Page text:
Step Down American Synths/Gear in Europe

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babaribou
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Step Down American Synths/Gear in Europe

Post by babaribou » Mon Jan 10, 2022 1:34 pm

Hi all,

I hope you are all doing well and off to a great new year.

I am moving from the US to mainland Europe and am considering moving all (or most) of my studio gear with me. I really don't want to sell all my gear and have to buy everything all over again, so I am currently looking at my options and really the only one seems to be using one or more step-down converter(s).

I've seen some information online (some on here too), but I still have some questions as I am quite conscious there may be some risks involved with this approach.

One of my main concerns is (of course) from a power standpoint. Back in the US, I was using two power converter strips where I would plug most of my gear:
this one:
and this one: https://www.cyberpowersystems.com/produ ... /avrg750u/

My idea is to bring those two over and plug each of them into separate step down converters (one output toroidal converters with no auto switch seems to be the best choice to avoid any issue). But I am wondering if this would be a stable environment for my gear. Would there be enough power to plug most of my stuff, and most importantly wouldn't it be dangerous?

Another area of concerns is regarding my mixer. I am considering bringing my mixer over (Mackie CR1604), and it seems that I would need to ground it in order to avoid blowing up any of the outputs sockets of my gear. I am quite curious about this point, and one of my main questions is: if I buy 220v EU gear that I plug to the Mackie (stepped down to 110v), wouldn't this cause an issue on the inputs? This is a grey area for me...

Thank you very much in advance for any advice or help, or suggestion!

Below is a list of my current gear below as it may help, I am hoping some of the stuff is already 110-220v compatible as it would make things much easier for me, but since a lot of it is on the older side I doubt many will meet the criteria, this is something I would need to look into.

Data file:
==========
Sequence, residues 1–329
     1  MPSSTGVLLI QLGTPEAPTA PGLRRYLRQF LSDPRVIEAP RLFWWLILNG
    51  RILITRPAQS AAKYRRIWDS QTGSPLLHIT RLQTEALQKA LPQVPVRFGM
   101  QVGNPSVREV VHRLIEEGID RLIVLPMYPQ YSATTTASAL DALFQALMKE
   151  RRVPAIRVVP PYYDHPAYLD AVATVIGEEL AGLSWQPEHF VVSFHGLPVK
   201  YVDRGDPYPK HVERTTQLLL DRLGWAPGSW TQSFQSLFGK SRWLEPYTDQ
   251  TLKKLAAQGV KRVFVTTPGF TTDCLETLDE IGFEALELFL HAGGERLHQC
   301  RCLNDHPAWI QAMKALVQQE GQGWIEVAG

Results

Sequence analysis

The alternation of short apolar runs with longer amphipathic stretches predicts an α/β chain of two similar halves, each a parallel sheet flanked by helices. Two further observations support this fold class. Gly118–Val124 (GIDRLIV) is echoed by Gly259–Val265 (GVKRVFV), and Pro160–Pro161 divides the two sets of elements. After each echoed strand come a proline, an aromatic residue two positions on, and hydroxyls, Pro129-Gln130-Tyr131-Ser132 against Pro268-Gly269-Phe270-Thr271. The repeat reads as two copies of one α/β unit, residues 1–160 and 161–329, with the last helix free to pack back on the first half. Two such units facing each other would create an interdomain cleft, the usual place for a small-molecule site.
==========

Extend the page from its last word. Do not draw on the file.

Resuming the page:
Synths/Samplers:
-Roland SH-09
-Roland Alpha Juno 1
-Casio CZ-5000
-Korg Poly-800
-Akai AX60
-Siel opera 6
-Suzuki EX80 (US Version of Siel Expander 80)
-Ensoniq EPS
-Yamaha DX7
-E-MU Orbit
-E-MU Planet Earth
-E-MU Planet Phatt

Sequencer/Drum Machines:
-Korg Electribe er-1
-Roland R8M
-Akai MPC 1000 (I believe this would just need a new plug as it seems to be 100-220v tolerant)

Effects/Other gear:
-Mackie CR 1604
-Yamaha R1000
-Yamaha REX50
-Roland DEP-5
-Alesis Ineko
-DrumFire DF-500
-Aphex aural exciter type C
-MOTU midi timepiece II

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Re: Step Down American Synths/Gear in Europe

Post by meatballfulton » Mon Jan 10, 2022 5:20 pm

All of the gear on your list is too old to have universal 100-220 power supplies.

If you purchase a proper step-down converter, it's perfectly safe. Maybe some Euro members can give you advice about where to locate them.
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Re: Step Down American Synths/Gear in Europe

Post by Olaf_Oldschool » Thu Jan 13, 2022 2:48 pm

Hi,

first what I've seen ist that the AVRG750U is some kind of UPS which needs 120 Volt input.
If you're planning to keep using this you'll need a step down converter in front of this unit which fits the total power requirements (power of UPS and all units plugged into the UPS).
All Units plugged in the UPS can be used as usual because the circuit behind the UPS will be still 120 Volt.
Problem can be to find a proper step down converter.

Best is to check first if you equipment is capable of working with 230 Volt (or 220V or 240V depends of where you're moving to in Europe).

Just an example
https://www.soundonsound.com/reviews/emu-mophatt
Please click on the small pic of the back view of the unit.
You'll see printed above the power inlet 100 - 250 VAC, with a proper power cable this unit should work in Europe as well.

Cheers

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Re: Step Down American Synths/Gear in Europe

Post by crochambeau » Fri Jan 14, 2022 5:11 am

A lot of that gear might have configurable primaries on the power transformers, this involves some familiarity with mains circuits, but it's pretty straight-forward.

Another aspect I would pay attention to is the 50 Hz (EU) versus 60 Hz (US) line frequencies; as sometimes a US for US market build can get away with a smaller power transformer (the higher the frequency, the less iron you need to transfer n power) - so if any of your units are already "pushing the envelope" on the power supply, they might want added attention. But for the most part the ~83% difference that 50 Hz presents is relatively minor, and I wouldn't sweat it too much (I just wouldn't ignore it when troubleshooting).